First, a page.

Dr. John R. Carter was a well-respected director of the Institute of Pathology. Coming from Kansas, he was passionate about education and put in place many innovations during his tenure. I was impressed by his teaching, and wish I could have learned more from him. Dr. Carter’s particular interest was orthopedic pathology, and when one of the Zoo’s elephant’s died he jumped at the chance to help with an elephant autopsy. You don’t get to do one of those every day, and he wanted a chance to take some samples of the bones.
Well, how does one do an elephant autopsy? You start with a very delicate chainsaw, making a linear ventral midline incision. You do this while the elephant is lying on its side. You then take 2 x 4’s and knock together some cribbing, to support the weight of the elephant’s side, and people can work in the cavity. Elephants are large, and have a lot of blood. It is a good idea to tie the support structure to something sturdy, so it doesn’t slip. It is also a good idea to have someone outside the elephant, labeling samples, scribing, doing all that good stuff. Dr. Carter and the vet failed to observe these precautions, or so he told me.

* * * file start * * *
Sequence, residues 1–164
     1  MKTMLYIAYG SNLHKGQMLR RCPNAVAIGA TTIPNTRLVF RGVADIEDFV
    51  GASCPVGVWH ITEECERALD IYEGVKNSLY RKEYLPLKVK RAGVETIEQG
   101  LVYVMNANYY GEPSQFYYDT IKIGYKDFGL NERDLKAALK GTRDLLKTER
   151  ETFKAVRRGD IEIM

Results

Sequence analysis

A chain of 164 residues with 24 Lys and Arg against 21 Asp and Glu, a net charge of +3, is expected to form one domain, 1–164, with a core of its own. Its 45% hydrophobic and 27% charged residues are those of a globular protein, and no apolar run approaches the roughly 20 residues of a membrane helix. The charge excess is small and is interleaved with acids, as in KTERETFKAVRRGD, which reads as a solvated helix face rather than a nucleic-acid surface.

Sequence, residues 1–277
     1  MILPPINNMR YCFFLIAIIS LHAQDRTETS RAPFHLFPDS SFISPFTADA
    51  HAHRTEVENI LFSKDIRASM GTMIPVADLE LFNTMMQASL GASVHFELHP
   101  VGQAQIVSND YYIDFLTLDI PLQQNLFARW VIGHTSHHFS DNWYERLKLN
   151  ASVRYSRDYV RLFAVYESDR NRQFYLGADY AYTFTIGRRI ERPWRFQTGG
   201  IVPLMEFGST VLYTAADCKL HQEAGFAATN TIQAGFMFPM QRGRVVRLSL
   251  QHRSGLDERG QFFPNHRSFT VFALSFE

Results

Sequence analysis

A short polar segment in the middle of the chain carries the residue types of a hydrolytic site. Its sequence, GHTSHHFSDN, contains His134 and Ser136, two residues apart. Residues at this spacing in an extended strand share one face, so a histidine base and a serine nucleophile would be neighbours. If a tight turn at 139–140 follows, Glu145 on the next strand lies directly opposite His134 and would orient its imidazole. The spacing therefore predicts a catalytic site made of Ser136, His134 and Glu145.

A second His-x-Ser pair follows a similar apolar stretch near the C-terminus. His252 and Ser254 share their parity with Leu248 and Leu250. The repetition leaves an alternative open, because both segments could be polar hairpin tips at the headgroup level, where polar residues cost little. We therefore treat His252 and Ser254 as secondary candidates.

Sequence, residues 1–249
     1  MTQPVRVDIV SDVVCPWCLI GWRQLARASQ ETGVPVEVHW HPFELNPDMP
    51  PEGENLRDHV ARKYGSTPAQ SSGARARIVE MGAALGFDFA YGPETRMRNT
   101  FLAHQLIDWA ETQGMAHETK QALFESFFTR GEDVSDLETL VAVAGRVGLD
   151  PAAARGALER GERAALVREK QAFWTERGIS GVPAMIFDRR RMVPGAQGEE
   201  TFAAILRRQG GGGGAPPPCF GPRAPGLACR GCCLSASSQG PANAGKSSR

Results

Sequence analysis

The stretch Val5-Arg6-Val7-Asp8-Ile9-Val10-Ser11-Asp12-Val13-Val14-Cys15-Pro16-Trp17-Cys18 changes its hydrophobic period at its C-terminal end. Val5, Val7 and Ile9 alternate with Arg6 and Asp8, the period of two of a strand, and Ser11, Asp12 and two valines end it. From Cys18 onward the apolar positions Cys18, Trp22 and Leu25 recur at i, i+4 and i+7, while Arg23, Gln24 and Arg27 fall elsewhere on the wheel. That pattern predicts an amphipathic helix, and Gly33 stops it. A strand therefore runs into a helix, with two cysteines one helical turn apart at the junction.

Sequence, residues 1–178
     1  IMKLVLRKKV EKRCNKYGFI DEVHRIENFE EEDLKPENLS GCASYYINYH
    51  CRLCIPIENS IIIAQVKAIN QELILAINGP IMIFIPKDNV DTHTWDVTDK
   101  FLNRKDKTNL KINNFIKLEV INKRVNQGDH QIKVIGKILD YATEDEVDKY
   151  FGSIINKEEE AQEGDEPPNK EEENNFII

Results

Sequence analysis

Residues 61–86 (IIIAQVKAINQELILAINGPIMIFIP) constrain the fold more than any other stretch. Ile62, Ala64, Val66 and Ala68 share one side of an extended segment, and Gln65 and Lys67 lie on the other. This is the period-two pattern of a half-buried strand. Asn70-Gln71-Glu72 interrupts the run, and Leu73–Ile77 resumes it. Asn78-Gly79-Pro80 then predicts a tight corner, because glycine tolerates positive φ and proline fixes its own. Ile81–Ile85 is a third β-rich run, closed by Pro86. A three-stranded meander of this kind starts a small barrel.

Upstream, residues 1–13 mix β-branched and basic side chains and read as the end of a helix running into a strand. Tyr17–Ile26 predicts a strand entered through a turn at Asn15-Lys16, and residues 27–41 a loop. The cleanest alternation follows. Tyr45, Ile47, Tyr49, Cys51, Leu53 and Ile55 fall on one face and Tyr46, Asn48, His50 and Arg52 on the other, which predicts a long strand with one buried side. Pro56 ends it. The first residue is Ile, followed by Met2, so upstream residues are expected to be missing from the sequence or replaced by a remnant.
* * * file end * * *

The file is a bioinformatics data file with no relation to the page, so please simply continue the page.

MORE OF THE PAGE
As an aside, I would never doubt Dr. Carter’s veracity, but he did tell me this story at the Christmas party, and he had a couple of Manhattans in him when he told it. I was not witness to this, and I make no judgement, I merely report a good story. For he told me that the cribbing slipped on the bloody floor, and collapsed, dropping the side of the abdomen down and trapping the prosectors in the belly of the beast. Literally.
Post-mortem processes being what they are, the elephant was in full rigor, and was fairly large anyway. The people trapped inside were unable to lift the abdominal flap to get out. They were stuck, and shouting for help did not work. Not many people really want to hang around a dead elephant after all, and this was being done out of view of the public. So there they were, stuck.
But both prosectors were well-trained in anatomy, and new what to do. Using the spine as a landmark (and possibly a handrail, they followed the intestines all the way back to the posterior end of the carcass. Using their blades, they opened the colon and were able to escape via the anus, emerging slimy yet unbowed. After a long shower, and with some assistance, they rebuilt the structure and finished the post-mortem.